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Tuesday, November 10, 2015

Study Shows Benefits of Intensive Blood Pressure Management

Systolic Blood Pressure Intervention Trial could impact medical guidelines for treating hypertension, but questions remain

Newswise, November 10, 2015 — Patients whose blood pressure target was lowered by medications to reach a systolic goal of 120 mmHg had their risk for heart attack and heart failure reduced by 38 percent, and their risk for death lowered by 27 percent.

Aggressive treatment appeared to be as effective for adults age 75 and older as for adults age 50-74, according to results from the Systolic Blood Pressure Intervention Trial (SPRINT) presented at the American Heart Association meeting and published online in the <i>New England Journal of Medicine (NEJM) on Nov. 9, 2015.

Intensive blood pressure management was also associated with an increased risk for each of a group of adverse events categorized as life threatening or requiring prolonged hospitalization or disability, including hypotension, fainting, and kidney abnormalities. 

Among these, there was greatest increased risk, 64 percent, for acute kidney injury or acute renal failure, although there was no evidence for permanent kidney damage. Future studies will investigate effects of treatment on kidney disease in more detail.

“The positive results of this trial has taken everyone by surprise, and the strong benefits of treatment seem to outweigh the risks,” says Alfred Cheung, M.D., chief of nephrology & hypertension at University of Utah Health Care, and co-author on the study. He led a network of 17 out of the 102 participating clinical sites in the U.S. and Puerto Rico. 

“Before deciding to treat blood pressure aggressively, it may be smarter to wait until additional questions are answered.”

He notes that results are still pending on how intensive treatment might impact dementia, cognition, and kidney disease. 

Additionally, nothing is known about long-term effects of sustained treatment, nor cost effectiveness. On average, SPRINT trial participants were followed for just over three years.

In Sept, 2015, the National Institutes of Health announced that the SPRINT trial was stopped one year early due to the marked benefits of lowering systolic blood pressure to 120 mmHg, well below the current guidelines of 140, or 150 for those over age 60.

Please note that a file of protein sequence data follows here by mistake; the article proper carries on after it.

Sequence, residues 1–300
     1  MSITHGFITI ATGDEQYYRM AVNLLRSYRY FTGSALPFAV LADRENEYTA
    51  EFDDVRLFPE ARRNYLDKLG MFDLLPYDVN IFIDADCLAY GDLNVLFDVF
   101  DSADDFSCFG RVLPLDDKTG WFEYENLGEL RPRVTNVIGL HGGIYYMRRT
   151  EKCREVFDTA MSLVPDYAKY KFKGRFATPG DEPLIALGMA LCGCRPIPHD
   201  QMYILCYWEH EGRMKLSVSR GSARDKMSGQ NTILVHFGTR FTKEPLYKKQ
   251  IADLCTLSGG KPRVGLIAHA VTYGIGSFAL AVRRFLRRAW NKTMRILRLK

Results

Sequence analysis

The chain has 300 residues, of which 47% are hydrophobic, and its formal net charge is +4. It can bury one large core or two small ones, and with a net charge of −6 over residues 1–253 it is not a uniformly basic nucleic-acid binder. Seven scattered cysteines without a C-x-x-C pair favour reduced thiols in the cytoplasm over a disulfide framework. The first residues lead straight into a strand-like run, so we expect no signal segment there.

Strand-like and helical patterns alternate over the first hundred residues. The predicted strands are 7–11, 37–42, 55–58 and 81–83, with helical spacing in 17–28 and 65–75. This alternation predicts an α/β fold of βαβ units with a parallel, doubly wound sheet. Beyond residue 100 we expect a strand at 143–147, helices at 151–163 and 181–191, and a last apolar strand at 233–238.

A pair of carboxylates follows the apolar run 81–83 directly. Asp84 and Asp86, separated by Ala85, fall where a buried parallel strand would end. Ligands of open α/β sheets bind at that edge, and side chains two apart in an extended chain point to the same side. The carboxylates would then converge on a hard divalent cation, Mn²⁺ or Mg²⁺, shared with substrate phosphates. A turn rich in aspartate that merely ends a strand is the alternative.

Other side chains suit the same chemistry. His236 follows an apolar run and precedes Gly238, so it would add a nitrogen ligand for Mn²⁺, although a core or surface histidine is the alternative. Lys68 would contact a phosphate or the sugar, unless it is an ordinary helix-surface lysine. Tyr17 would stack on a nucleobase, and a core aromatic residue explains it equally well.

Now, the details of the study are published in NEJM. The results may have implications for the 79 million Americans and 1 billion adults worldwide with hypertension, or high blood pressure, the leading cause of heart disease and stroke.

Adults age 75 and older could potentially benefit the most from interventions based on positive SPRINT results because this age group carries the burden of hypertension: over 75 percent have the condition. 

At the same time, they would be predicted to be most at risk for any potential side effects that are still under investigation, says Mark Supiano, M.D., chief of geriatrics at University of Utah Health Care and director of the VA Salt Lake City Geriatric Research, Education, and Clinical Center.

“If there were a single drug with this kind of beneficial outcome, it would be a billion-dollar drug,” says Supiano. “But we can’t just treat the heart, we need to treat the whole person. We will need to exercise caution when implementing this information.”

SPRINT randomly assigned over 9,300 participants one of two blood pressure targets: less than 120 mmHg or less than 140. Participants were age 50 or older, at increased risk for cardiovascular disease, had an systolic blood pressure of at least 130 mmHg, and did not have diabetes, history of stroke, or kidney disease. 

Blood pressure was adjusted with antihypertensive medication over the course of the first year, and participants were monitored for an average of three additional years.

The results from SPRINT differ from previous trials demonstrating that a blood pressure target of 120 mmHg did not significantly reduce risk for death. 

Cheung says the difference in outcomes may stem from SPRINT’s large sample size and its unique eligibility requirements, which included an older population and individuals with high risk for cardiovascular disease, and excluded patients with diabetes.

“We saw great health improvements in just three years, but it could be that outcomes will improve even more over the course of 10 years, or 30,” says Cheung.

It remains to be determined whether SPRINT results will influence official medical guidelines for treating hypertension.
The research was supported by the National Heart, Lung, and Blood Institute, National Institute of Diabetes and Digestive and Kidney Diseases, National Institute on Aging, National Institute of Neurological Disorders and Stroke, and the Department of Veterans Affairs

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